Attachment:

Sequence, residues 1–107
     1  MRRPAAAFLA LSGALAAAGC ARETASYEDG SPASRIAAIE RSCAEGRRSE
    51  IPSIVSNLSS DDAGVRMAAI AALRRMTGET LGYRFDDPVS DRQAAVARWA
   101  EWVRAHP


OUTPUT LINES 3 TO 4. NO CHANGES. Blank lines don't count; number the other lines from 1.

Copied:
    51  IPSIVSNLSS DDAGVRMAAI AALRRMTGET LGYRFDDPVS DRQAAVARWA
   101  EWVRAHP